On May Day, the National Trades Union Congress (NTUC) and Nanyang Technological University (NTU) announced a tie-up that will offer working adults part-time university courses in areas where workers are in demand.
Apart from NTU, NTUC will be partnering other tertiary institutions to help workers, especially mid-career professionals, managers, executives and technicians (PMETs), to upgrade their skills.
NTUC will soon have $200 million more to subsidise such courses, with the Government contributing $150 million to the fund.
This is a bold move on at least four fronts.
One, if the plan is fully realised, 30,000 workers can pursue this skills upgrading path each year.
There are about 930,000 Singaporeans holding PMET jobs today. Over 10 years, the NTUC programme can potentially train about one-third of them. The sheer numbers make it one of the most important skills upgrading programmes to be rolled out in recent years.
Two, NTUC's training plan focuses on modules rather than attaining qualifications. This means workers can be trained quickly when the demand for skills changes.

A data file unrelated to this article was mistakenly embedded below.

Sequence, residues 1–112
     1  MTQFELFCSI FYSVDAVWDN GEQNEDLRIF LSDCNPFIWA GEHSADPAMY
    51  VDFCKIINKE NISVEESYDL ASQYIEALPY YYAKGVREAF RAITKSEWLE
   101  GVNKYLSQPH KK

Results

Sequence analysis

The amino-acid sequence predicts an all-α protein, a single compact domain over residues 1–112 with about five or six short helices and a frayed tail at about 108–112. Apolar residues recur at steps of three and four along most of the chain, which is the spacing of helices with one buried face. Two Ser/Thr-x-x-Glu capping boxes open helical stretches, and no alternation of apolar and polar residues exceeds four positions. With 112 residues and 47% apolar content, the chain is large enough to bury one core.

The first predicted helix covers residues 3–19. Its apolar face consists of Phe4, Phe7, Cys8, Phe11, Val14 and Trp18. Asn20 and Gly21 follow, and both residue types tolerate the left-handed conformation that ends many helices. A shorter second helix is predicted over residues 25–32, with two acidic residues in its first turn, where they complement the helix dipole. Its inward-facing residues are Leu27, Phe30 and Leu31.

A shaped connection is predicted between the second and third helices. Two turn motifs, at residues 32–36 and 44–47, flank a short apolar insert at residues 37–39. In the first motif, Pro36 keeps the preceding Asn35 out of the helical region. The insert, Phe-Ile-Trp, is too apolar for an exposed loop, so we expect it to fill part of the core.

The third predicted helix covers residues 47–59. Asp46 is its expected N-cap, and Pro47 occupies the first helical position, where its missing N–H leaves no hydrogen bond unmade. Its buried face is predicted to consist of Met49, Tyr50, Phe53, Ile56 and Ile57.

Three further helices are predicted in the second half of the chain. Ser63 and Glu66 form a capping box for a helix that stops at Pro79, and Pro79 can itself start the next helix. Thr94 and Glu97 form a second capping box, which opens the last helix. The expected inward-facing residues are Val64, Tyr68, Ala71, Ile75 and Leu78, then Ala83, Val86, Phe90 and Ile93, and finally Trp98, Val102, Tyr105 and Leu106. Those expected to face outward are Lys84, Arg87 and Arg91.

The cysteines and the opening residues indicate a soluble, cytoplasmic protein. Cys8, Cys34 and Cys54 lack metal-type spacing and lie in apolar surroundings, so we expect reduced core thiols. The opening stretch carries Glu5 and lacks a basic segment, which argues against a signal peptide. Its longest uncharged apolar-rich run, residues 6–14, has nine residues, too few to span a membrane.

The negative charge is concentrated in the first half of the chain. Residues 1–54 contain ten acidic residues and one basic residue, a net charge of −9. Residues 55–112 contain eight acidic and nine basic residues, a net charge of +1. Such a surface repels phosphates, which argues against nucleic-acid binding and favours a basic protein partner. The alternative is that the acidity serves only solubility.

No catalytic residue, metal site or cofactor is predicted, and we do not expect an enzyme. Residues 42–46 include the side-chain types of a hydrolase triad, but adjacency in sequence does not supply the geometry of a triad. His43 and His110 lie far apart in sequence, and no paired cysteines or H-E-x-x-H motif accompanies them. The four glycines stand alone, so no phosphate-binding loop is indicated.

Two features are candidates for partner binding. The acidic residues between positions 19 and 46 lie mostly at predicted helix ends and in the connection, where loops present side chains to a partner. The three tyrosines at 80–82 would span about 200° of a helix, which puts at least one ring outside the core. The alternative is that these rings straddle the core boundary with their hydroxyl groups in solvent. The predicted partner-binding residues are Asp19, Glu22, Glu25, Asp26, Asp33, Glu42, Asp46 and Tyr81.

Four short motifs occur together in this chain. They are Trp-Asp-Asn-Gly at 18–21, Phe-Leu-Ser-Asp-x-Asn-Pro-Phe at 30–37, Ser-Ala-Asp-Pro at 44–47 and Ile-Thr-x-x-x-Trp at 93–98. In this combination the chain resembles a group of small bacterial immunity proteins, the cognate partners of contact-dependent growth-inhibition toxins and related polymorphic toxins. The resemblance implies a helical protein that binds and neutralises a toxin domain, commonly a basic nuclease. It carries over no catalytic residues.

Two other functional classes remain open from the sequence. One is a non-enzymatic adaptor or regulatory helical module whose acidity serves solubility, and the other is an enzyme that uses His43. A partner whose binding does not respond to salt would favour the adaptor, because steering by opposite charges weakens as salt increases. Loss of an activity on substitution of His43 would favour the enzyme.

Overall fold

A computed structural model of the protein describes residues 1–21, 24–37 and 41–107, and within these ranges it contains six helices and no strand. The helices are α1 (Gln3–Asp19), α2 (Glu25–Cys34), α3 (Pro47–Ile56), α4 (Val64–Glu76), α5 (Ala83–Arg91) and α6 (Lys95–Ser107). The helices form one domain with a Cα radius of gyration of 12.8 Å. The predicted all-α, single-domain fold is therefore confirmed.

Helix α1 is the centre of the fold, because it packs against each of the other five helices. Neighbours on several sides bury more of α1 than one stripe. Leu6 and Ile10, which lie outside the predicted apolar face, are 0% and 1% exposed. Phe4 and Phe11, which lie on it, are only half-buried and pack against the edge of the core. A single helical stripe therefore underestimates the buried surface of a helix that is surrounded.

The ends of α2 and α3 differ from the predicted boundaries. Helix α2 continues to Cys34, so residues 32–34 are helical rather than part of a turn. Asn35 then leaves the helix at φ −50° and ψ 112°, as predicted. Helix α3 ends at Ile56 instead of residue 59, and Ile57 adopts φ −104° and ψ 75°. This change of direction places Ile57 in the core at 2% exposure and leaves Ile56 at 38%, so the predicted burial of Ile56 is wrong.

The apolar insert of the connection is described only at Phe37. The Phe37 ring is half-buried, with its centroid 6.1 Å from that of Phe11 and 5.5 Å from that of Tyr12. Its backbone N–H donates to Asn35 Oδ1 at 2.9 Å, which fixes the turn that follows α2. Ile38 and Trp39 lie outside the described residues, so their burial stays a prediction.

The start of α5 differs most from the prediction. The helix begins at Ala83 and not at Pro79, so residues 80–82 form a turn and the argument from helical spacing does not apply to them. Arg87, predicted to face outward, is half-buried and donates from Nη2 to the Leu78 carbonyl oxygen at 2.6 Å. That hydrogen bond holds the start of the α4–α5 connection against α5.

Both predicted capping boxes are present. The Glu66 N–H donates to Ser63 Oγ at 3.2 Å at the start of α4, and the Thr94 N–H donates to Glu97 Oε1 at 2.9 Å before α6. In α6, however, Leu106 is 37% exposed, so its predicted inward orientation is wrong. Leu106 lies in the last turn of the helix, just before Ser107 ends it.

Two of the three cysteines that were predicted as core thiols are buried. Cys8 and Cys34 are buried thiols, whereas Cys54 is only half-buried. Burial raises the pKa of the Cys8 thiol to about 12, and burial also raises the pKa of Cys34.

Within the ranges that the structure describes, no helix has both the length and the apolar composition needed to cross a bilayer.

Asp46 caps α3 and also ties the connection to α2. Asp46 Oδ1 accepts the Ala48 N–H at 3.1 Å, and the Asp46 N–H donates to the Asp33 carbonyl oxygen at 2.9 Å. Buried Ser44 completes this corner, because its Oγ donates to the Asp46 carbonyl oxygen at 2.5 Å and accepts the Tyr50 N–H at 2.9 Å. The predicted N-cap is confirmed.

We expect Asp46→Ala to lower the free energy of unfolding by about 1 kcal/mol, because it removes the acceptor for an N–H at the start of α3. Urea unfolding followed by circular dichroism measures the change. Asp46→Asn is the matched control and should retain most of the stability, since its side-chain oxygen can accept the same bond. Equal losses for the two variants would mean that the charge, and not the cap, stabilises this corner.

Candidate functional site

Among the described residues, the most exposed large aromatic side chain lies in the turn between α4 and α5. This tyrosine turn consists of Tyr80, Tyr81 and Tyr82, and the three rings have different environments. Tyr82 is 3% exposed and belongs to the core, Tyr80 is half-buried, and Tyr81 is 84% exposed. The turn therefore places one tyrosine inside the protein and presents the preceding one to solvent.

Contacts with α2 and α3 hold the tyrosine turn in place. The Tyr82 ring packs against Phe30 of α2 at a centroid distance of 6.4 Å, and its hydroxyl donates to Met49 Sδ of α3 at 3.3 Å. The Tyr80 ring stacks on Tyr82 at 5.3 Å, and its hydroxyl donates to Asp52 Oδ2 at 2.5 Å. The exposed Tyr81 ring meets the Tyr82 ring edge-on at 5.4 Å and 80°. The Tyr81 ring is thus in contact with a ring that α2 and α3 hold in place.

Three, with NTUC's track record in getting things done and its membership heft - it has some 900,000 members and 270,000 associates and partners - it can mobilise enough workers to attend courses.
Four, the initiative gives NTUC a renewed shot at recruiting PMETs, a group it has less success in recruiting, compared with rank-and-file workers who form the bulk of union members.
But the NTUC plan might have unintended effects - it might, for instance, duplicate the government-run Workforce Skills Qualifications scheme that provides paths for workers to upgrade their skills.
Still, for workers, having more subsidised training options cannot be a bad thing.